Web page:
A loan might present itself as a ‘low fee’ or even a ‘no fee’ option, but what it could really be doing is hiding its high interest rate behind these slogans. Ideally, you should look for a good combination of a low rate and low fees. A low comparison rate should reflect some of this, but not all of it. 

Let’s do a comparison of two hypothetical car loans for $30,000 over five years: one with a lower rate but higher fees, and one with a higher rate and no fees.

Loan one

 Loan two

Interest rate

8.00% p.a 

6.00% p.a

Upfront fee

$0

$300

Ongoing monthly fee

$0

$5

Monthly repayments

$608

$585

Total repayments

$36,498

$35,399

These interest rates are quite high compared to others, so use our car loan repayment calculator to work out your repayments with a cheaper rate. 

So despite having a $300 upfront fee and $60 every year in monthly fees, loan two is still much cheaper overall due to its lower interest rate. Bear this in mind before you get blind sighted by advertising slogans for low fees, and remember to check the loan’s comparison rate alongside the advertised interest rate.

If its comparison rate is significantly higher than its advertised rate, then it probably has larger fees.


Photo by set.sj on Unsplash   

Disclaimers

The entire market was not considered in selecting the above products. Rather, a cut-down portion of the market has been considered which includes retail products from at least the big four banks, the top 10 customer-owned institutions and Australia’s larger non-banks:

  • The big four banks are: ANZ, CBA, NAB and Westpac
  • The top 10 customer-owned Institutions are the ten largest mutual banks, credit unions and building societies in Australia, ranked by assets under management in November 2019. They are (in descending order): Credit Union Australia, Newcastle Permanent, Heritage Bank, Peoples’ Choice Credit Union, Teachers Mutual Bank, Greater Bank, IMB Bank, Beyond Bank, Bank Australia and P&N Bank.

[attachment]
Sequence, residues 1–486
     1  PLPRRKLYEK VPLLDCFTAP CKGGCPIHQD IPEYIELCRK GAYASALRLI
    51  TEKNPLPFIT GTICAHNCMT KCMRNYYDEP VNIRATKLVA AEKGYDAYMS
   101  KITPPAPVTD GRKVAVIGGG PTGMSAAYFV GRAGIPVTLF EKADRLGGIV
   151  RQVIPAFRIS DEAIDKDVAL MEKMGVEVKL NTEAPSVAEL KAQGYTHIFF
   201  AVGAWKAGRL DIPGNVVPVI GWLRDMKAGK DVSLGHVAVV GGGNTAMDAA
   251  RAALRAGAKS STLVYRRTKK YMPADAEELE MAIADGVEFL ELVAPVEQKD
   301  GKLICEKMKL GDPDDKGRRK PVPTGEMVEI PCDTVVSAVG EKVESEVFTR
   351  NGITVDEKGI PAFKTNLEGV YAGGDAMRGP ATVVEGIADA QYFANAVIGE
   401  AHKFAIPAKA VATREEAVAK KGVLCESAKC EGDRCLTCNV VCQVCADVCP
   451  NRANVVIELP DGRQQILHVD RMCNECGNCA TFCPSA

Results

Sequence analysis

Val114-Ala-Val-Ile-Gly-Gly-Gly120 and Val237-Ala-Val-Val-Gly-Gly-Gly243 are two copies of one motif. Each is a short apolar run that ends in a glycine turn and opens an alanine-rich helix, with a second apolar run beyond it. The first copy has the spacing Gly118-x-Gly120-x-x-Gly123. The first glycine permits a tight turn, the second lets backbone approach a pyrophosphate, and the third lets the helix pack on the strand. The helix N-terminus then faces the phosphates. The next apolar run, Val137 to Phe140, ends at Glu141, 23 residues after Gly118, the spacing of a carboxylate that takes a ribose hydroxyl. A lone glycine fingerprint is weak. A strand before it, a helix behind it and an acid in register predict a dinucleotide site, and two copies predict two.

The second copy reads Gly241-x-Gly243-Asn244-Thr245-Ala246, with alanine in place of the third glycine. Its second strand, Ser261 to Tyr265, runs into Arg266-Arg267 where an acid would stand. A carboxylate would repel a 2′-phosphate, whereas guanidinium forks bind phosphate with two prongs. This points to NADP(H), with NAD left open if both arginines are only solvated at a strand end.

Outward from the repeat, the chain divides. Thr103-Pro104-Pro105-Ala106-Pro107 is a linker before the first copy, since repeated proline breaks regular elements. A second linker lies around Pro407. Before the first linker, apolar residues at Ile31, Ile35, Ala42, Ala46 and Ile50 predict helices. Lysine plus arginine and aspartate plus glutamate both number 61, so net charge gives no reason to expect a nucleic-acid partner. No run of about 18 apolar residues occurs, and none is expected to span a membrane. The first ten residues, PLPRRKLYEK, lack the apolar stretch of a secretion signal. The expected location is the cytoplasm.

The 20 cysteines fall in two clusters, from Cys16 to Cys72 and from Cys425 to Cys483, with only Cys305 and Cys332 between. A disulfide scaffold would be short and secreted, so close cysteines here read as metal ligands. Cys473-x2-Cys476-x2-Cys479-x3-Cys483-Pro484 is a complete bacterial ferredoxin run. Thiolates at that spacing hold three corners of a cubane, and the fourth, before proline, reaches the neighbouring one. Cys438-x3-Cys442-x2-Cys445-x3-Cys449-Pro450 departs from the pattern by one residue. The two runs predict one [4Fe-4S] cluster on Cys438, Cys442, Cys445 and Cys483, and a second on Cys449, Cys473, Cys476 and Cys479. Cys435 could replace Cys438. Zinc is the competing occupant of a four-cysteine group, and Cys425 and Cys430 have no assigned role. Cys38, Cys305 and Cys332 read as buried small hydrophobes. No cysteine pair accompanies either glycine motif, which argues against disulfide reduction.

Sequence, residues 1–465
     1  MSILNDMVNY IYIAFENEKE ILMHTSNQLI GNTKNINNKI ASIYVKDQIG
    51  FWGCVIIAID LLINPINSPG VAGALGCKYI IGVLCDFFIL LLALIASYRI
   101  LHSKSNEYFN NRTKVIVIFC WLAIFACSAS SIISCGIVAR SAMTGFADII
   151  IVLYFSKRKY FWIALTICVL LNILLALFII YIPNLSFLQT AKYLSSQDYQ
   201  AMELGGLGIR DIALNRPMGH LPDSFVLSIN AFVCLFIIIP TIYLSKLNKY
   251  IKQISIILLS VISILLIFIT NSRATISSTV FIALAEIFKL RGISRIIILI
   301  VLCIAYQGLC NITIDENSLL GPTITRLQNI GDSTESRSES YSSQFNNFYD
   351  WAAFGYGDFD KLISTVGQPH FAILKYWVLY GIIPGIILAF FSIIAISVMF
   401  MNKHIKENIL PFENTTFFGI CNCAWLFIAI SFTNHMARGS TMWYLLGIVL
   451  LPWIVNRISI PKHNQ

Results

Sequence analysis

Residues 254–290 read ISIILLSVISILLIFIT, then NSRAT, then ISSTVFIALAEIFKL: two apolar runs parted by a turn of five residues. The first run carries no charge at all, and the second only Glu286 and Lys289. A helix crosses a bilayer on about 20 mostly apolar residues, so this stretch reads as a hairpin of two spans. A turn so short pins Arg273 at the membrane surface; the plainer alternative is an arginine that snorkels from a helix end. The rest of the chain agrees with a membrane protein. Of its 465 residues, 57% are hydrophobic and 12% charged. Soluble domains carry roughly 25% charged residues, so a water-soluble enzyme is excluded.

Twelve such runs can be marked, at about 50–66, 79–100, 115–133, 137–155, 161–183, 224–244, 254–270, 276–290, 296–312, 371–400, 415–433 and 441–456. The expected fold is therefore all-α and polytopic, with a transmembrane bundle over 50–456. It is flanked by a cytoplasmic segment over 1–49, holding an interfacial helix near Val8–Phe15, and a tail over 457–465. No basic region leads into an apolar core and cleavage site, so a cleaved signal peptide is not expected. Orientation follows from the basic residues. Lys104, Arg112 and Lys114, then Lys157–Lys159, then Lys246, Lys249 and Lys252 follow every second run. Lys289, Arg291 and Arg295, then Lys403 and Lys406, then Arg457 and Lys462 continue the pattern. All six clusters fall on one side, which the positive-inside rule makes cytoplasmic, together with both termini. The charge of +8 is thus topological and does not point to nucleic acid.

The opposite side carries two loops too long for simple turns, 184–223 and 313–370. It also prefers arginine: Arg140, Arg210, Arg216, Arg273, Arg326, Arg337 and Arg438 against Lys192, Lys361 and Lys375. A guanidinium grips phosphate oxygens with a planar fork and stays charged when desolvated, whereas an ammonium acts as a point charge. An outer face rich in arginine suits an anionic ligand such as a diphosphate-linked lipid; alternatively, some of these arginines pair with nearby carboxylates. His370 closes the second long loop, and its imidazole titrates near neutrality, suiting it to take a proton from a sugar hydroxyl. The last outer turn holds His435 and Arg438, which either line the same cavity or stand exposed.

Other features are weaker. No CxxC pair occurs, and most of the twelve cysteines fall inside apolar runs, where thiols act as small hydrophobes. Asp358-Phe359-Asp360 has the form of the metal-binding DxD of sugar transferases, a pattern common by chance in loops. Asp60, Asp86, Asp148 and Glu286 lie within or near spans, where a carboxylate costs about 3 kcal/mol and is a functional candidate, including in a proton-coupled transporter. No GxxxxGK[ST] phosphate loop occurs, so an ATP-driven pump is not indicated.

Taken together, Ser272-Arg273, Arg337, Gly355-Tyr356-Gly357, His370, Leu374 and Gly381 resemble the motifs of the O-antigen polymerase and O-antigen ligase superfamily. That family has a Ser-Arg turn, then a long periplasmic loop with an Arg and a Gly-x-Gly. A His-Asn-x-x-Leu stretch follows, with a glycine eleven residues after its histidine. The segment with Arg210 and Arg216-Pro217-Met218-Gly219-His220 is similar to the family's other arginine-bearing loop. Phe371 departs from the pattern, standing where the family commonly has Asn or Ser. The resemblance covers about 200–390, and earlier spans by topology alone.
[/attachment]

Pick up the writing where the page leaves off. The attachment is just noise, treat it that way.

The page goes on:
• The larger non-bank lenders are those who (in 2020) has more than $9 billion in Australian funded loans and advances. These groups are: Resimac, Pepper, Liberty and Firstmac.
  • If you click on a product link and you are referred to a Product or Service Provider’s web page, it is highly likely that a commercial relationship exists between that Product or Service Provider and Savings.com.au

Some providers' products may not be available in all states.

In the interests of full disclosure, Savings.com.au, Performance Drive and Loans.com.au are part of the Firstmac Group. To read about how Savings.com.au manages potential conflicts of interest, along with how we get paid, please click through onto the web site links.

*The Comparison rate is based on a $30,000 loan over 5 years. Warning: this comparison rate is true only for this example and may not include all fees and charges. Different terms, fees or other loan amounts might result in a different comparison rate.

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author-avatar
William Jolly joined Savings.com.au as a Financial Journalist in 2018, after spending two years at financial research firm Canstar. In William's articles, you're likely to find complex financial topics and products broken down into everyday language. He is deeply passionate about improving the financial literacy of Australians and providing them with resources on how to save money in their everyday lives.